Think Jay Benanav is bad? I was his neighbor

Kudos to the Daily editorial board for bringing attention to the actions of Jay Benanav. It is information every student renting near the Minneapolis campus should also be aware of, as the St. Paul City Council member’s ideologies are oozing their way into the neighborhoods near Dinkytown with the help of Minneapolis City Council member Paul Zerby.

Because I used to live by Benanav, I can testify to his and my other former St. Paul neighbors’ attitudes toward student-renters. For those unfamiliar with Benanav and the sudden advent of his hand in the local politics of University-area residences, here is a brief synopsis.

In the area encompassing the University of St. Thomas in St. Paul, there is a long-standing division between residents and students that is bordering on civil war as the university has attempted to expand.

Residents near St. Thomas have been fighting this expansion for years out of fear that the increased number of students it will introduce into their community will disrupt the upper-class equilibrium and degentrify the well-to-do neighborhoods encompassing Summit and Grand avenues.

Benanav, who lives near St. Thomas, has been the premier advocate for these efforts through enacting radical, inane policies to alienate students who rent near campus.

Such policies range from an undercover party patrol with tactics and repercussions closely paralleling the Gestapo (a minor consumption ticket in St. Paul comes with a side order of one year of probation, 24 hours of community service, alcohol awareness classes and random urinary tests, along with a fine ranging over $300) to Benanav’s recent proposal to force student rental properties to be no less than 350 feet apart. Benanav justified this policy by stating he simply wanted to “promote diversity” among campus communities.

Well, how noble of him. Apparently, to Benanav, the term diversity entails producing a social structure hinged somewhere between Mayberry and Nazi Germany, where Matlock reruns can be watched with the comfort of knowing that the student “parasite” population is safely diluted, thus preventing the erosion of the moral fabric of the neighborhood.

Although Benanav has dropped the 350-foot proposal for the time being, his idea to require a “special license” for landlords who rent to students is now up on the Jan. 5 council docket. The special license is touted as a way to improve the safety of student houses.

Benanav is teaming up with Zerby to push new methods of student alienation, in his own and other neighborhoods as well. The recent emphasis on student-tenant “safety” surrounding University rental properties has afforded Benanav the perfect opportunity to camouflage his policies of student alienation behind the illusion of a benevolent crusade for “safety.”

I find this ironic because of the fact that when I lived in a rental house in St. Paul on the same block as Benanav less than a year ago, my two roommates and I encountered several less-than-safe attributes of our house which our less-than-responsible landlord would consistently avoid taking care of. Fed up with our landlord, we asked Benanav – on more than one occasion – to get a city inspector to our house. Despite his devout “concern” for student safety, no inspectors ever showed.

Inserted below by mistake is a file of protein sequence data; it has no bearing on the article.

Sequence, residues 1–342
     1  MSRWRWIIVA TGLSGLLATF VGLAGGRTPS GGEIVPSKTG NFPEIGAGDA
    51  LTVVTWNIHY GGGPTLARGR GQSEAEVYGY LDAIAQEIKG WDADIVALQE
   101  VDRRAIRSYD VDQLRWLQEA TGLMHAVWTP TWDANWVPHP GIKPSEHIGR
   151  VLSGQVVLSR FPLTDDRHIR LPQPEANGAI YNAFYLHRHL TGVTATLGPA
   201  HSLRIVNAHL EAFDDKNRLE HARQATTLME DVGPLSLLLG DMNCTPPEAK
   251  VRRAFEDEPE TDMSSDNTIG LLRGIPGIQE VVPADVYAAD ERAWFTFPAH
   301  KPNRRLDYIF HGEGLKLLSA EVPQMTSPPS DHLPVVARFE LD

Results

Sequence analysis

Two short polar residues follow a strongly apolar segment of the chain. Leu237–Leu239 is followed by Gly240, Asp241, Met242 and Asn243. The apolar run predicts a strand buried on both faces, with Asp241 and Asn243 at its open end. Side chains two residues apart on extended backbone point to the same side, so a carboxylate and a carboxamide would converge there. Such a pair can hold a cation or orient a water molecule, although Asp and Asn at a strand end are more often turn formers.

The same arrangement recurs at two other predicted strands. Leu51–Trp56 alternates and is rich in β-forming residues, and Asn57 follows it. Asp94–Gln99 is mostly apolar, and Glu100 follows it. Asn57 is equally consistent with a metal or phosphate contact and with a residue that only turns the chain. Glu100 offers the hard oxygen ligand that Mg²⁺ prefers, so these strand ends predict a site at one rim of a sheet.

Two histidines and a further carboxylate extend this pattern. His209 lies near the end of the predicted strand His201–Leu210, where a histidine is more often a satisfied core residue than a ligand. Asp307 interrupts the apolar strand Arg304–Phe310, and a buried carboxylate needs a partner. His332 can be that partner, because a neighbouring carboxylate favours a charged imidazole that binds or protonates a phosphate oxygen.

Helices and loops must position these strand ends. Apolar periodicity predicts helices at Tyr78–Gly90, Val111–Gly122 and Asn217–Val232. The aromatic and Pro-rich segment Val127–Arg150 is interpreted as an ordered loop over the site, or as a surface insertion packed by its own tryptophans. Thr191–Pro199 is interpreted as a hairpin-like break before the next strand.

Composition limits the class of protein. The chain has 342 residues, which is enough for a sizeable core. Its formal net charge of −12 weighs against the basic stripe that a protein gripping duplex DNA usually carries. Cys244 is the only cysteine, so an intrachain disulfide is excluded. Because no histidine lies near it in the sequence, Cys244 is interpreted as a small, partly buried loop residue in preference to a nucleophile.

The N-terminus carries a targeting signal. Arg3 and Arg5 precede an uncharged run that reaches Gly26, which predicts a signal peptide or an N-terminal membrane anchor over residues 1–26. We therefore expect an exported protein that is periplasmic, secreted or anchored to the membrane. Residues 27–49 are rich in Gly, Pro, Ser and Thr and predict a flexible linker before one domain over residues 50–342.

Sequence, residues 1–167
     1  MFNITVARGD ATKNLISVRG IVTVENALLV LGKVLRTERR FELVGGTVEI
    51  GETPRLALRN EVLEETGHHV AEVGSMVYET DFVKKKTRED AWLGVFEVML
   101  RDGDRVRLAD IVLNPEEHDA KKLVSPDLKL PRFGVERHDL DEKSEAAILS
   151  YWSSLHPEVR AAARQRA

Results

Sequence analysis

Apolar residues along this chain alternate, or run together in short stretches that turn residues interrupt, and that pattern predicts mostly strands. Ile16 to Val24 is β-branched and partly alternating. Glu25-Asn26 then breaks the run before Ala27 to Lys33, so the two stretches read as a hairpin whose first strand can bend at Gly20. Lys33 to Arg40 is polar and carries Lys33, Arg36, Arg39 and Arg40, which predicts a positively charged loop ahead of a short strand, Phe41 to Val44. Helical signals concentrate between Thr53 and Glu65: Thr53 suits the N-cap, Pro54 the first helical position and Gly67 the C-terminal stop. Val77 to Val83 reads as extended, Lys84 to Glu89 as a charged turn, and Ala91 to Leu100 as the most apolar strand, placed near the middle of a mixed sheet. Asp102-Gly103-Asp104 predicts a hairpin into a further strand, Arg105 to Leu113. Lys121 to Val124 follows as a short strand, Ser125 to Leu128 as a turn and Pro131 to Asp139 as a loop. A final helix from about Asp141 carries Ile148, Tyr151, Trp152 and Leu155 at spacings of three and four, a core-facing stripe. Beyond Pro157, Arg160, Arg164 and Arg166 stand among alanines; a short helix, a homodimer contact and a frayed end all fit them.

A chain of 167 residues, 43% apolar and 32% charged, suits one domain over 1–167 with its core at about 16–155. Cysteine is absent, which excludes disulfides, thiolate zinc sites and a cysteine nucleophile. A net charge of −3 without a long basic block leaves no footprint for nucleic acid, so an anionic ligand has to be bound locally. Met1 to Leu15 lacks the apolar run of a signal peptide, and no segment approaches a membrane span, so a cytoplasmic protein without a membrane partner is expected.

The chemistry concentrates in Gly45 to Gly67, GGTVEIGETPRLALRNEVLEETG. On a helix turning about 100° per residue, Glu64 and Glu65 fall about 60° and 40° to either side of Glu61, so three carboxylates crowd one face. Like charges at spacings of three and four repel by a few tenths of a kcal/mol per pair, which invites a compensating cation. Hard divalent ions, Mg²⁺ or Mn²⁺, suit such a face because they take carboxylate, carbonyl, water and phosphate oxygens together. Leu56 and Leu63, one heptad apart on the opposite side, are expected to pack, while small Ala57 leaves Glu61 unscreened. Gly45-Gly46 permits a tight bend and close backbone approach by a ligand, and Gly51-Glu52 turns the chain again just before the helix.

When we first moved into our home, Benanav basically walked right into my house, uninvited. I was in my room and heard two knocks and then footsteps immediately following. I hollered hello and went downstairs and there he was, standing in my living room, surveying his surroundings. Benanav introduced himself, and I, completely naive, thought he was just a friendly neighbor. Following that occurrence, he would occasionally wander over, pretending to be neighborly, but really it was just an excuse for him to snoop.

Aside from these experiences, living in Benanav’s neighborhood afforded my roommates and me the opportunity to experience facets of Benanomics.

We were never allowed, for instance, for any given amount of time, to park our cars on the section of the public street in front of any house but our own. Parking in front of other houses usually resulted in not a warning, but rather the car of the resident of the house parked close enough to our bumpers that we often couldn’t drive away from the curb.

Additionally, police were called to our house at least once a week, usually to find no more than three or four people having a cigarette on the back porch, in which case, the officer would laugh as he or she called off their backup – yes, backup. Sometimes the neighbors called at about 10 p.m. on the weekend just on the presumption that we obviously would be having a party. The cop, usually arriving from 10:30 p.m. to 11 p.m., would often be confused, thinking he or she had the wrong house.

The neighbors’ actions basically came to the point of harassment. They could do whatever they wanted because they had Benanav to back them up, having even touted such to us.

It is because of these types of problems that I moved, this year, to the Southeast Como neighborhood, in hopes of living in a community that embraced students as fellow human beings, rather than instinctively forsaking them as social detriments. To my dismay, it seems as though that might be about to change with the recent collaborations of Benanav and Zerby, unless University students take a stand and express their voices as valid members of the community, undeserving of the discrimination that tunnel visionaries such as Benanav and Zerby are bringing our way.

This in mind, I urge all student tenants to go on Wednesday to the St. Paul public hearing on the special license proposal and let Benanav know there is no market for his brand of “diversity” and “safety” in our neighborhoods.

Jason Trask is a third-year mechanical engineering student. He welcomes comments at [email protected]